Cooler growth hits Netflix in second quarter


Cooler growth hits Netflix in second quarter

San Francisco (AFP) – Netflix shares plunged Monday after its latest quarterly update showed subscriber growth below expectations for the streaming television giant.

Netflix shares tumbled 15 percent in after-hours trade after the quarterly report.

The company said it ended the second quarter with 83 million subscribers, adding 1.7 million. That was well below Netflix’s own forecast of 2.5 million additions and lower than many analyst forecasts.

Netflix said growth was hurt, especially in the United States, when it raised rates on many long-time subscribers who had been “grandfathered” when it hiked most prices.

“We think some members perceived the news as an impending new price increase rather than the completion of two years of grandfathering,” the company said in a statement.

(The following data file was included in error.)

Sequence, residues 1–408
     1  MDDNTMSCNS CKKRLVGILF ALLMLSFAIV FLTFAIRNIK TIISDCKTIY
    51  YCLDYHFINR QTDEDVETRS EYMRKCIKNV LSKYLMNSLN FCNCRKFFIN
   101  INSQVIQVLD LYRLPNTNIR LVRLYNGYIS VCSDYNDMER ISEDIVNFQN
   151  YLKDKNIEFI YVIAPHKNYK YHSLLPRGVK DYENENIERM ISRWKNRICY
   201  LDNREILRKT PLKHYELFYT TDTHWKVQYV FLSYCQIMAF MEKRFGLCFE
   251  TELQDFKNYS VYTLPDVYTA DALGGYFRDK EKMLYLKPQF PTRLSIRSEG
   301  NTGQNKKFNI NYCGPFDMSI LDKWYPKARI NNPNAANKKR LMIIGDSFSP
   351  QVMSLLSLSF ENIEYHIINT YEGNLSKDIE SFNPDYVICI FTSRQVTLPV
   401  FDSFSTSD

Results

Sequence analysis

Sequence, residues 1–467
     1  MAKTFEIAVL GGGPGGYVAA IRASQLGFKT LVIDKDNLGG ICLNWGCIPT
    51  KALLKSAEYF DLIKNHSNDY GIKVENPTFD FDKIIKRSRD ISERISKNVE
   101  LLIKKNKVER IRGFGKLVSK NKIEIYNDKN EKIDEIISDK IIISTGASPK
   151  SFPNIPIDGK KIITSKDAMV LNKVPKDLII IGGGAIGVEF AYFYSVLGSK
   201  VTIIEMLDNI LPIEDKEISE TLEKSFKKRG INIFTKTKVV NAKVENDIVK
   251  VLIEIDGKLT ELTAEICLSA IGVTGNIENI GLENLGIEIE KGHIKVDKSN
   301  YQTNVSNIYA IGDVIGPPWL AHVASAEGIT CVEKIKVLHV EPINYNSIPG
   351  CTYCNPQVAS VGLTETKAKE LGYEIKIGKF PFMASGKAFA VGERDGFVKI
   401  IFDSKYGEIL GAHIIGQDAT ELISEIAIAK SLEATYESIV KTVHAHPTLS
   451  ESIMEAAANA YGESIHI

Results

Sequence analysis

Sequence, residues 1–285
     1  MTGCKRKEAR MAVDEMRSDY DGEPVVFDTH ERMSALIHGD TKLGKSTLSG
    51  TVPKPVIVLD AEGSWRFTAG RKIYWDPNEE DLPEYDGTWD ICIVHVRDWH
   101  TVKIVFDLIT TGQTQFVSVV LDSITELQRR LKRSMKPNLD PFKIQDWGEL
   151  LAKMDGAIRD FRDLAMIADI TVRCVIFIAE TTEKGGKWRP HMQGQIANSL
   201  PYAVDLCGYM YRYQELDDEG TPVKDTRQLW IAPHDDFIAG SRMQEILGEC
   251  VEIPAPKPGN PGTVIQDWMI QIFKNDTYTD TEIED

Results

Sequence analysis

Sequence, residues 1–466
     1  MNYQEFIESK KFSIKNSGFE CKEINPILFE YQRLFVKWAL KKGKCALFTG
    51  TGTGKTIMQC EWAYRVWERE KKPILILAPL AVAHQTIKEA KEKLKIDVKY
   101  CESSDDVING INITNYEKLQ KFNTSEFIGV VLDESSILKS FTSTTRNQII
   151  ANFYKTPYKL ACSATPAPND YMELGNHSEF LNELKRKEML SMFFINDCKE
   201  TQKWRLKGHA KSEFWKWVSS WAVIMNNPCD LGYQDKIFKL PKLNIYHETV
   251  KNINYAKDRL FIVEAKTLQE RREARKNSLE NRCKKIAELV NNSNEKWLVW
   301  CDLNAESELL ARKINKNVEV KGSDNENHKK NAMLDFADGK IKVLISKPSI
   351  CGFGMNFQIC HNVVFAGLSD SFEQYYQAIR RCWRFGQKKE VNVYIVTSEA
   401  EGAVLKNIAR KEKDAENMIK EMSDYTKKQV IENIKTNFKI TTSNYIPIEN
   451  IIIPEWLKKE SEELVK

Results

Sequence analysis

“Churn of members who were actually ungrandfathered is modest and conforms to our expectations.”

Net profit for the quarter was $41 million, up from $26 million a year earlier. Revenue rose to $2.1 billion from $1.6 billion.

Netflix said its march to becoming a global television provider was making progress, projecting gains of some two million subscribers outside the US in the third quarter.

“Our approach in expanding our global footprint in January was to launch a service targeting early adopters and then to listen, learn and iterate quickly,” it said.

“Now that we are six months in, we will localize Netflix in Poland and Turkey with the addition of local language in the user interface, subtitles and dubbing. Localization in other markets will take place over time as economically prudent.”

The streaming television pioneer in January significantly expanded its global footprint to 190 countries, making its Internet TV service available in 130 new markets, including India — but not China.

Netflix shares tumblked 15 percent in after-hours trade after the company’s latest quarterly report showed subscriber growth below expectations
Copyright AFP/File Stephane De Sakutin